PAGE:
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itself obliged to take for filling the places of absent Representatives, and vacating the places of Representatives unfit for their trust. Two special meetings of that body were also held. At the former, a municipal incorporation was granted to the town of Providence, ico. and probably also to the other towns. At the * latter, which was the expiring spasm of the sickly body politic, there was some miscellaneous revision of loo the laws, and it was “ordered, that a letter be ** sent to Mr. Williams to capitulate about his going to England; and it is ordered also that the State is willing to pay the hundred pound that is due to him, and a hundred pound more; and, if he refuse, Mr. Balston [of Portsmouth], Mr. John Clarke [of Newport], and Mr. Warner [of Warwick] are nominated, for two of them may go.” Williams was to be “capitulated” with about going to England, in order that he might do over again that work of his which was now undone. The story of the incapacities, and quarrels, and factions, which brought about the dissolution of the government, has been only partially preserved. We know that Coddington was chosen President of the Colony at the second election; that he did not accept the place; that it was supplied by the appointment of Mr. Jeremy Clarke to be “President Regent; ” that at the same time there were “divers bills of complaint exhibited against Mr. Coddington;” that “the President elect did not attend the Court for the clearing of the accusations charged upon him;” that eight months later he sailed for England; and that two months after his departure, at the first of the special isso. Assemblies which have been mentioned, Roger " Williams, as “Deputy President,” was substituted for him at the head of the government.” Williams, who was then * R. I. Rec., I. 214–232. — A gratui- had remained unpaid. The Colony had ty of a hundred pounds had been voted no money. (Ibid., 222.) to Williams for his services in obtain- * Ibid., 208, 210, 211, 213, 214. — at his retreat among the Narragansetts, did not want the office. He hoped that it might be offered to John Winthrop the younger, who had lately made a plantation in the Pequot country." Had Winthrop been invested with it, it is bewildering to conjecture how different might have been the later history of Rhode Island. But he was probably as little prepared to accept, as the electors ... were to confer it upon him; and it was bestowed lso, upon John Smith of Warwick, and in the follow** ing year upon Nicholas Easton, of Newport.” At Providence, Williams, faithful to his favorite office of pro1647. moting good-will, had obtained seven signatures * besides his own to an agreement to “cover in the grave of oblivion what causes of difference had heretofore been given, either by word or misbehavior, in public or private,” and to proceed thenceforward, “in words and behavior, so moderately and orderly as the cause should permit.” At the beginning of the new organization, some questions had arisen between Newport and Portsmouth relating to its effect upon the combination that had for seven loss years subsisted between them. Williams wrote ** a letter proposing that arbitrators should be chosen, three by Portsmouth, and one by each of the other towns, to determine the conditions of a reconciliation; but there is no evidence that his advice was taken.” Presently afterward, Coddington, in behalf, as he alleged, of “the majority of the people of Rhode Island,” applied to the Commissioners of the Four Colonies, for their admission into the Confederacy. But this, he was told, the islanders could not obtain except by placing themselves under the government of Plymouth, which had a patent right to jurisdiction over their territory." Whatever confidential communications may have passed between the Federal Commissioners at their early meetings, the chief business exhibited in the records concerned those relations of the Colonies to the French and Dutch which have been already described, and their relations to the Indians. During the three or four years of Gorton's absence in England; his friends the Narragansetts had experienced some ill consequences of the confidence which they had reposed in him. The resistance to the colonists, which he had encouraged, proved a losing game. The royal protection which he had promised, was not afforded. In the spring after the truce which they had been persuaded to make,” a force of Narragansetts, said to amount to a thousand men, and to have as many as thirty muskets, n... fell upon the Mohegans, who again defeated them, movements but not without considerable loss.” An occasion o" was thought to have thus arisen for an extraordi* nary meeting of the Federal Commissioners, who accordingly came together at Boston. Thence they despatched messengers to the hostile sachems, requiring their presence in person, or by ambassadors, “to declare and prove upon what occasions and grounds the war was broken out, and . . . . . to treat and conclude, as occasion should require, . . . . . to restore and confirm peace.” In case of a refusal on the part of the Narragansetts, the messengers were to “acquaint them that the English were engaged to assist against these hostile invasions, and that they had sent of their men to defend Uncas.” The messengers returned, bringing the defiance of the Narragansett chiefs; and “Mr. Williams, by the messengers, wrote to the Commissioners, assuring them that the country would suddenly be all on fire by war;” and “that the Narragansetts had been with the plantations combined with Providence, and solemnly treated and settled a neutrality with them.” “The premises being weighed, it clearly appeared that God called the Colonies to a war.” The call was promptly answered. It was determined to issue a “Declaration” of “the grounds and justice” of the measure;” to keep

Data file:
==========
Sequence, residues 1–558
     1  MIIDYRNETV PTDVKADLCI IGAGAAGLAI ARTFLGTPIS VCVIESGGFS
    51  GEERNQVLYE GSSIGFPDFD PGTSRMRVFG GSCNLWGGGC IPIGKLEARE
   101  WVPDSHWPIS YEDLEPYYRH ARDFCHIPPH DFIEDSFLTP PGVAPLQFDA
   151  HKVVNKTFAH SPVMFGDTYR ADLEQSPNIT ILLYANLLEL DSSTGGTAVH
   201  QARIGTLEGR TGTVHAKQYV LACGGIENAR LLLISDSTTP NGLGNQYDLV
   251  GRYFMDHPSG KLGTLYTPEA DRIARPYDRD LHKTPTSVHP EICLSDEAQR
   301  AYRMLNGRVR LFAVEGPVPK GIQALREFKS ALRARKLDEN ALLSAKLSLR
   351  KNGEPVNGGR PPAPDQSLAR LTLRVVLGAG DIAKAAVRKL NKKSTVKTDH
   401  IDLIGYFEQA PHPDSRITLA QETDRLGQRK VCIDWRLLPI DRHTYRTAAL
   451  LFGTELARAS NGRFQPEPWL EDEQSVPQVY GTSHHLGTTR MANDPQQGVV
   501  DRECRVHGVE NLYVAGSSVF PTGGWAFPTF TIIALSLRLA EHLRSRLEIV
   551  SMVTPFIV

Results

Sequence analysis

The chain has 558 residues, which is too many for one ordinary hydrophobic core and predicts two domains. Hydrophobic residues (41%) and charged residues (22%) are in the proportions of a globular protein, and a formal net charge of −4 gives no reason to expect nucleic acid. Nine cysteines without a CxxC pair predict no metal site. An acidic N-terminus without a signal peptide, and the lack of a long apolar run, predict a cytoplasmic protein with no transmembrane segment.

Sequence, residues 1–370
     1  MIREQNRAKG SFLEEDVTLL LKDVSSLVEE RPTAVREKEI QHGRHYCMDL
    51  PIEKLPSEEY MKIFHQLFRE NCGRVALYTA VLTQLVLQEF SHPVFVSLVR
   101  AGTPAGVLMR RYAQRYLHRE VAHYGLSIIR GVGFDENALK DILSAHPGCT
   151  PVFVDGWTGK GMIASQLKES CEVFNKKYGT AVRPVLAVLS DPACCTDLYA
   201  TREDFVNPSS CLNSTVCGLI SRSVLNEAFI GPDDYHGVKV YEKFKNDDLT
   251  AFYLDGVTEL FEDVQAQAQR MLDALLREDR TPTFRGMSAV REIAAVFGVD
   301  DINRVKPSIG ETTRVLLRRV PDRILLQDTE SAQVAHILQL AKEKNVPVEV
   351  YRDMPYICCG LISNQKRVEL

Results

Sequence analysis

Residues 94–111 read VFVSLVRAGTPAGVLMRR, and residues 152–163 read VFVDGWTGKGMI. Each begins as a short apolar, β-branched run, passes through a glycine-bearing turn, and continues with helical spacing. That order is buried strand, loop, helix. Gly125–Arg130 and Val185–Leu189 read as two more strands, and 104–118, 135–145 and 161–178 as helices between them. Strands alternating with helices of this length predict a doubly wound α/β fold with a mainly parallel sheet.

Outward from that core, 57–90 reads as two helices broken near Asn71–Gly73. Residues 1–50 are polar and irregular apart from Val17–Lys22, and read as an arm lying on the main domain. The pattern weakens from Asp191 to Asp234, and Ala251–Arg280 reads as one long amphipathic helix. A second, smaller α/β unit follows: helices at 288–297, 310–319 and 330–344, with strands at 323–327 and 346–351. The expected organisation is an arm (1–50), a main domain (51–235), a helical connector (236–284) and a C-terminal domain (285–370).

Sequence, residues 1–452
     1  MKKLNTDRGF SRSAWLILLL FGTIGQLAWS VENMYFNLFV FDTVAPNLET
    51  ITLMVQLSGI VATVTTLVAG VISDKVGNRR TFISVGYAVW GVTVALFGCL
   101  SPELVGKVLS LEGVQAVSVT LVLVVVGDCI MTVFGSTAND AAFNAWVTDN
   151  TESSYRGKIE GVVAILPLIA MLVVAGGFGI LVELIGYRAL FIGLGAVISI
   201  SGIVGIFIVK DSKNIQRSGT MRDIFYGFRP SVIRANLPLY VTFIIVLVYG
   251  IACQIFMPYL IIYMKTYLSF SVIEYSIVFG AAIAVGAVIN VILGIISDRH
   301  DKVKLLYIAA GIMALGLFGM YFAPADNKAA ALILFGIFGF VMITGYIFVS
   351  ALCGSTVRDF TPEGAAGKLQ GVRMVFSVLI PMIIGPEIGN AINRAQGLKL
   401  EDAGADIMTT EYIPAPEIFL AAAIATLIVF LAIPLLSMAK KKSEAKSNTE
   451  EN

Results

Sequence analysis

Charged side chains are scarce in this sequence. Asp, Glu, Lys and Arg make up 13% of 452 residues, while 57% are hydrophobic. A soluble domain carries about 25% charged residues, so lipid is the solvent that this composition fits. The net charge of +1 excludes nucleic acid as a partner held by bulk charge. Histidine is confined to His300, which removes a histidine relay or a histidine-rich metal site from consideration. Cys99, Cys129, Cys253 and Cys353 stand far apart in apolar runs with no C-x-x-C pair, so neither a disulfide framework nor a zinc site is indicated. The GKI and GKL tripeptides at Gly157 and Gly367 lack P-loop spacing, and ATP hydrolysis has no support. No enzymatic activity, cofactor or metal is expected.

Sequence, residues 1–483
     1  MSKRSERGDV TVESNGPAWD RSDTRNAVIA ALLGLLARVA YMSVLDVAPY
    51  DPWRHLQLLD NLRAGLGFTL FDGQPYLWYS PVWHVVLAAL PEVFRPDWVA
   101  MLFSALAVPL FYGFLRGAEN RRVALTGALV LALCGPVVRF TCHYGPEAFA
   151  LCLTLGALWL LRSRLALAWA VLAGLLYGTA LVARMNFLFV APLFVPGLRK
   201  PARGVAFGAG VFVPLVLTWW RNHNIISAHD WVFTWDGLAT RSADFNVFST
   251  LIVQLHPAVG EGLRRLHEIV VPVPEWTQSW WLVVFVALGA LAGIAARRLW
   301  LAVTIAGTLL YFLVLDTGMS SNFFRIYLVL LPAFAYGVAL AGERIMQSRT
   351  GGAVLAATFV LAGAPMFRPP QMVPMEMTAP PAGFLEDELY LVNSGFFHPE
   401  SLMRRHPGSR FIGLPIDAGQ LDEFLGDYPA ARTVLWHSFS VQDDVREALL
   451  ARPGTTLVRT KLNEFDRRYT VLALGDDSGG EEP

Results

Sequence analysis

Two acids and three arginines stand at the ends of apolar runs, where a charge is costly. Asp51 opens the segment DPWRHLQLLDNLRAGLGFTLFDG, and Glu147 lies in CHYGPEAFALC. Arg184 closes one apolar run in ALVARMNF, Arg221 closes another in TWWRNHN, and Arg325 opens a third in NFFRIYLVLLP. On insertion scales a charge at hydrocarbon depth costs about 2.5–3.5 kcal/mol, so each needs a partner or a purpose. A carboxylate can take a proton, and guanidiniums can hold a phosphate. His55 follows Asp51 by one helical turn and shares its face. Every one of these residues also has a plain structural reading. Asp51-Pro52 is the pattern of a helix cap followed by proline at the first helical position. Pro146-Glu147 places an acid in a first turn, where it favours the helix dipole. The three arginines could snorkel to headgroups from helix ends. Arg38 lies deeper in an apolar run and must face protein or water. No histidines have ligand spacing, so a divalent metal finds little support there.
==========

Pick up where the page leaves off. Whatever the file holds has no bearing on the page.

ing the charter (Ibid., 151,152); but it William Dyer was Coddington's ac